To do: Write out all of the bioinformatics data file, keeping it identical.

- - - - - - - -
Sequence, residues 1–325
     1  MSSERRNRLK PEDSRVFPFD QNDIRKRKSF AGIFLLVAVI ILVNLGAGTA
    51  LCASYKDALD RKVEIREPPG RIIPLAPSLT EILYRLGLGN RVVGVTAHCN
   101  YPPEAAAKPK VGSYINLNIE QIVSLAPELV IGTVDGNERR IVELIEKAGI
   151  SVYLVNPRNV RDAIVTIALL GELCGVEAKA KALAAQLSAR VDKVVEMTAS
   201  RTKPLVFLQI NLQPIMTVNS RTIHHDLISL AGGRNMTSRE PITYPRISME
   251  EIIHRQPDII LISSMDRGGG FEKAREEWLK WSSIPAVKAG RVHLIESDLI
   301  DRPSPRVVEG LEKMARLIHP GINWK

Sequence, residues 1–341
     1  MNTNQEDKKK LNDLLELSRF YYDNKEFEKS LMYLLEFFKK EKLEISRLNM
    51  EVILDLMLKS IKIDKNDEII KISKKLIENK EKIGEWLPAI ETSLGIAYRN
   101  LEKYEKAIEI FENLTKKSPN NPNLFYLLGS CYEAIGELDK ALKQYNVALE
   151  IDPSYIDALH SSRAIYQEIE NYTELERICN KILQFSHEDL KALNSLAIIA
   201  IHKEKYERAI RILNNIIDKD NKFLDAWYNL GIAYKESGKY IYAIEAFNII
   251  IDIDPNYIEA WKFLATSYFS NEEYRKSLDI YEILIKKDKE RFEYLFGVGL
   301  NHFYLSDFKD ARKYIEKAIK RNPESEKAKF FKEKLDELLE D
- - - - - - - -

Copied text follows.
Sequence, residues 1–325
     1  MSSERRNRLK PEDSRVFPFD QNDIRKRKSF AGIFLLVAVI ILVNLGAGTA
    51  LCASYKDALD RKVEIREPPG RIIPLAPSLT EILYRLGLGN RVVGVTAHCN
   101  YPPEAAAKPK VGSYINLNIE QIVSLAPELV IGTVDGNERR IVELIEKAGI
   151  SVYLVNPRNV RDAIVTIALL GELCGVEAKA KALAAQLSAR VDKVVEMTAS
   201  RTKPLVFLQI NLQPIMTVNS RTIHHDLISL AGGRNMTSRE PITYPRISME
   251  EIIHRQPDII LISSMDRGGG FEKAREEWLK WSSIPAVKAG RVHLIESDLI
   301  DRPSPRVVEG LEKMARLIHP GINWK

Sequence, residues 1–341
     1  MNTNQEDKKK LNDLLELSRF YYDNKEFEKS LMYLLEFFKK EKLEISRLNM
    51  EVILDLMLKS IKIDKNDEII KISKKLIENK EKIGEWLPAI ETSLGIAYRN
   101  LEKYEKAIEI FENLTKKSPN NPNLFYLLGS CYEAIGELDK ALKQYNVALE
   151  IDPSYIDALH SSRAIYQEIE NYTELERICN KILQFSHEDL KALNSLAIIA
   201  IHKEKYERAI RILNNIIDKD NKFLDAWYNL GIAYKESGKY IYAIEAFNII
   251  IDIDPNYIEA WKFLATSYFS NEEYRKSLDI YEILIKKDKE RFEYLFGVGL
   301  NHFYLSDFKD ARKYIEKAIK RNPESEKAKF FKEKLDELLE D